Ripping up the brown paper bag.


I was thinking about Clarence Thomas, Colin Powell, Condi Rice, Mia Love and yes, Stacey Dash (now I’m thinking, ‘Which one of these do not belong?’). They got me thinking of other Black folks who break rank in their own ways, determining to do their own thing.

For example, while most Blacks in this country are Christian or Muslim, many aren’t. Like Shirley Woodard who has been a practicing Buddhist since 1974:

“What attracted me to being a Buddhist was that I tried it and I saw it working in my life. It’s something that I just said, “Let me try.” And once I tried it and I saw how it was something that I could use for my daily life, that I didn’t have to die and go to heaven — ‘cause your heaven and your hell exist right here — it made me very conscious of causes. Whether it be verbal, mental or whatever type of causes you may do, you get an effect from it.

… I don’t believe in a God outside myself, like the Baptists. In Buddhism, there’s no beginning and no end, it’s a continuous cycle. And when you chant and you fuse with the gohonzon [wooden planks covered with Chinese and Sanskrit that detail the life of the true Buddha, ‘Nichiren Daishonin,’ and function as the object of worship], you develop the Buddha nature within you, and therefore it leads you to enlightenment. And this is for your daily life. You don’t have to worry about somebody outside of yourself as a god making decisions for you. You’re responsible for your own self. You don’t pray outside of yourself for the knowledge and stuff that you need.”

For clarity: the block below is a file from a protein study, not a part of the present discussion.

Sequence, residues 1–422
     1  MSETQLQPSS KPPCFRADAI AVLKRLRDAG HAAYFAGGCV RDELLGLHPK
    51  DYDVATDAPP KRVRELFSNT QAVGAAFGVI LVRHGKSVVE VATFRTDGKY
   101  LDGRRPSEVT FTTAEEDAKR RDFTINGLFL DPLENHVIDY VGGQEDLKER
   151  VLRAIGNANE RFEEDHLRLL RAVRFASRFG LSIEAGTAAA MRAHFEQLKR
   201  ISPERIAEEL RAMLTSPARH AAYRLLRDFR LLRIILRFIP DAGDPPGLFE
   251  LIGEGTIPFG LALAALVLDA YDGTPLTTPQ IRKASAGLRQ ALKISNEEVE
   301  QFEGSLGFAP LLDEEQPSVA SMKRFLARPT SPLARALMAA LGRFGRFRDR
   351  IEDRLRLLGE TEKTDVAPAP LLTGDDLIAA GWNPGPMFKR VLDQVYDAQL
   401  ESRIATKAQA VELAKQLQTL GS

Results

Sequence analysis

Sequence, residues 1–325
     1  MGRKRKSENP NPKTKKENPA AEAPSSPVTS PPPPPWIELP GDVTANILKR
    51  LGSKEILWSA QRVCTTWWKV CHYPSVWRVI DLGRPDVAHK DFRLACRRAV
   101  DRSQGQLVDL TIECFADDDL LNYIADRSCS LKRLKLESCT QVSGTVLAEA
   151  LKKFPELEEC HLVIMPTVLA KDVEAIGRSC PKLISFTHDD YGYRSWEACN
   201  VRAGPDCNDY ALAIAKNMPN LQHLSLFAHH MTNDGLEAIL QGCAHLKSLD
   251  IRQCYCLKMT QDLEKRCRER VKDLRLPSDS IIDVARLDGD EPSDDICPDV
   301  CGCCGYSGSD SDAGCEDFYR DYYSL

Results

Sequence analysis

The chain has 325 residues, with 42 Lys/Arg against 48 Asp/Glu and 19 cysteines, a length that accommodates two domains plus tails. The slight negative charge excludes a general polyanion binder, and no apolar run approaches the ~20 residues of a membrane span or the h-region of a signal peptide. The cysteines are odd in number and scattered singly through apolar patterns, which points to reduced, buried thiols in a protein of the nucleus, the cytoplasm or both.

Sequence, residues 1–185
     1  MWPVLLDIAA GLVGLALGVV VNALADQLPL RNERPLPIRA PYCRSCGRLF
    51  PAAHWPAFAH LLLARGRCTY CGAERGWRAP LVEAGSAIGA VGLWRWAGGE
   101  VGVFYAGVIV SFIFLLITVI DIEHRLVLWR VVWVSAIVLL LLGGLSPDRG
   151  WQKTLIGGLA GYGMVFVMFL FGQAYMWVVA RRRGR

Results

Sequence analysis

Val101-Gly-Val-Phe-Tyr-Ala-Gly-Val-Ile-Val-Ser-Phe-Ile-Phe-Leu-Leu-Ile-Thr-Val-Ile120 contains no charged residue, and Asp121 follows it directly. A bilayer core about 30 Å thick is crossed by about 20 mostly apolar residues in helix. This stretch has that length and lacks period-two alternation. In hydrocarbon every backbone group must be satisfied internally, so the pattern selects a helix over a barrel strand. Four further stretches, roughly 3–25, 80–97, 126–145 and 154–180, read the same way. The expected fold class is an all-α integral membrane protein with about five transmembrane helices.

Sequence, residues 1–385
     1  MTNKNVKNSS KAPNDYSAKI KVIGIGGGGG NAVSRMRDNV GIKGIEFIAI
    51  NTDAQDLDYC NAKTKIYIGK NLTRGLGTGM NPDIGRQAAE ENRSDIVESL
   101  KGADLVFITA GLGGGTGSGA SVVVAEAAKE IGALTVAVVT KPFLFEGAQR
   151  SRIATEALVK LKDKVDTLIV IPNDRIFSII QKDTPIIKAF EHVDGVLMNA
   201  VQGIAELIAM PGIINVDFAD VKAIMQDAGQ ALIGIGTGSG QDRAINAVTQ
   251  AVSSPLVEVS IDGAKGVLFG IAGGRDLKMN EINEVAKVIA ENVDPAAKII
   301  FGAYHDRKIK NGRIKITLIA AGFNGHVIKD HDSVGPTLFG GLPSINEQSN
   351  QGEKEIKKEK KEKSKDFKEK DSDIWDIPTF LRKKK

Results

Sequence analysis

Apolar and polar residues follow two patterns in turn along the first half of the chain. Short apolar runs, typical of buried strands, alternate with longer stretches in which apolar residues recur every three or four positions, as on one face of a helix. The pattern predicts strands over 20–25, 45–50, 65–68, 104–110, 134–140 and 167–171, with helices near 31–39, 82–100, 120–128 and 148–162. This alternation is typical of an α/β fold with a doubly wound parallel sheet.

Then there’s Mark Hatcher, who despite being raised Catholic, is now an atheist:

“What really clicked for me was when I started learning about — I hate to say it — evolution and the origin of the cosmos. [It] was, I think, the last thread holding the whole God thing in place for me. Look around. Why is there something rather than nothing? With the very elegant solutions that evolution by natural selection provides, it’s a very simple, very natural way of getting from point A to point B. Then we have to think about the origin of the cosmos. We can explain how there’s zero total energy in the universe and how things can’t have come from nothing, because nothing really isn’t nothing but a boiling, bubbling brew of a bunch of stuff. At that point I thought about it and I said, “You know, if there’s a God up there, then he’s bored. He got nothing to do.” He’s redundant at best.”

There are even Black Scientologists. Really!:

“Patricia Gore, 63, is the director of community relations for the Washington Church of Scientology. She has been a member for nearly 30 years…

Scientology is an applied religious philosophy, so it’s ‘How do you use this in your daily life?’ It’s not a belief system. There were things I could do, and after I started doing it, I could see the results. I think I was a little bit taken aback by the fact that there were so many white people, and so few black people, as I saw it. I still had my antennas up just to see how this could relate to me. I kept looking for [racism], and I kept expecting it … but I didn’t [experience it], and that was kind of weird ’cause I grew up with it, and here were these happy people that were treating me very, very nicely, and I was like ‘Okay, what do they want? They’re still being nice to me…’ So it was pretty cool…”

There are Black Rockers. Black Country singers. Black Opera singers. There are Black Irish singers. Black ballroom dancers. Black Mormons. Black nuns. Blacks in NASCAR.

My point is, there needs to be an end to this reverse brown paper bag test whenever a Black person seems to break with the perceived (or real) pack. There is strength in diversity.

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